United Airlines To Keep A Larger Leisure Footprint Post-Crisis
United Airlines faced a very difficult 2020. As the most exposed long-haul international US carrier, the airline’s presence…
United Airlines faced a very difficult 2020. As the most exposed long-haul international US carrier, the airline’s presence in Asia, Oceania, and Europe seemed as if it could be a significant burden with the steep drop-off and lack of visibility on the return of international travel. The airline retrenched and decided to turn to a heavier leisure footprint in the United States. Moving forward, the carrier now plans to keep a larger leisure footprint than it had pre-crisis.
United Airlines wants to keep a larger leisure footprint
Throughout the pandemic, leisure travelers came back first. With the rise of remote work and no corporate restrictions on travel – though restrictions did vary by state – airlines started to pivot their route networks to cater to the increase in demand to key geographies. For example, in summer 2020, leisure travelers flocked to the Florida beaches, the mountains in the Western US, and national parks across the country. United Airlines responded in kind with increased frequencies to leisure-oriented destinations, and now it wants to keep that positioning in its post-crisis network.
Speaking on the carrier’s second-quarter earnings call, Chief Commercial Officer Andrew Nocella stated the following on the carrier’s leisure positioning during the crisis:
“We did, as I would say, tilt our capacity toward more leisure-oriented markets during the crisis, and we continue to do so – and will do so – for at least the rest of this year. And the tilting of those ASMs [available seat miles] toward more leisure-oriented markets, I think, has helped us during this recovery.”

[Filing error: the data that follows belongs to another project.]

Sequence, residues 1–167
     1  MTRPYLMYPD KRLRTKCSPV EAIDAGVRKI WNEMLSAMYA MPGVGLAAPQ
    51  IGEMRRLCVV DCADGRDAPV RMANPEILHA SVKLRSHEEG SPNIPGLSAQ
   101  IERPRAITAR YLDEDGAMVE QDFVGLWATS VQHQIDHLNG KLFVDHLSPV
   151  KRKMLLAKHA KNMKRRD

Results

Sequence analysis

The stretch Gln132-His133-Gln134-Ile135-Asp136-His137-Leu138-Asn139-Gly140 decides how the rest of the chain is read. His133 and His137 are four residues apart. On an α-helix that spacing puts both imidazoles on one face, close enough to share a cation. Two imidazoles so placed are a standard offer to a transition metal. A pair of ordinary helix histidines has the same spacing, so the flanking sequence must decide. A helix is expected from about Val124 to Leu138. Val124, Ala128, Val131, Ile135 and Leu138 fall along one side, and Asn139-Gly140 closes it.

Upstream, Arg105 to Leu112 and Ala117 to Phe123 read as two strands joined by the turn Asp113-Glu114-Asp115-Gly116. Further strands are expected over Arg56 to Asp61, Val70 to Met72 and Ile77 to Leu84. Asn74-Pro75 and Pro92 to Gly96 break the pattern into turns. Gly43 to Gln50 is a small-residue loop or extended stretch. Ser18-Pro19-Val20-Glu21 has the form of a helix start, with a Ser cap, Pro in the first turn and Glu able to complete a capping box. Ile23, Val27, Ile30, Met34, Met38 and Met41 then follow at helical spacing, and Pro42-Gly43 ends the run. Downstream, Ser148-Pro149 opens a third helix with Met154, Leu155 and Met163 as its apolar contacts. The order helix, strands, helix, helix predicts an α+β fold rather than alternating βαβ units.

Moving forward, he discussed where he wants to see United’s network adapt toward leisure:
“We do intend to keep a bigger footprint in these leisure markets going forward, in particular Florida, where United was undersized, and that undersizing had led to Q1 results for United that could seasonally trail others. We’re hopeful that, on the other side of this crisis, as we rebuild the airline and we rebuild the network, we’re going to build it better and we’re going to be a bigger player in these leisure oriented markets in the Q1 time period than we have historically been.”
A key winter and spring destination
The first quarter encompasses January, February, and March. While there will be a good chunk of bookings for travel in this quarter that is ticketed in December, travel for spring break, and February usually is booked in the first quarter, plus the close-in bookings in January.
The generally popular destinations during this time of year are in Florida. Home to beaches, theme parks, and more, winter-weary travelers from the northern United States tend to get out and travel to beaches during January and February. College students and families flock to Florida to enjoy the spring break season, which usually rolls around in March.
In fact, for 2020, the real boost in the recovery and passenger demand growth happened in March. Spring break was the real impetus for families and young adults getting out after experiencing a year of severely reduced travel due to the pandemic.
United certainly has room to grow in this market, and it is certainly starting to make amends in this market. During the crisis, it added a host of point-to-point leisure routes to Florida – its largest point-to-point expansion in recent memory.
Moving forward, the plan will be to keep a healthier footprint in these markets, but it will tend to connect those cities to its hubs. This includes Newark, Denver, Chicago, Washington D.C., Houston, and San Francisco. Cleveland, a former United hub, also is a city that should maintain nonstop frequencies to Florida.
Are you glad to see that United plans to keep a heavier leisure footprint post-crisis? Let us know in the comments!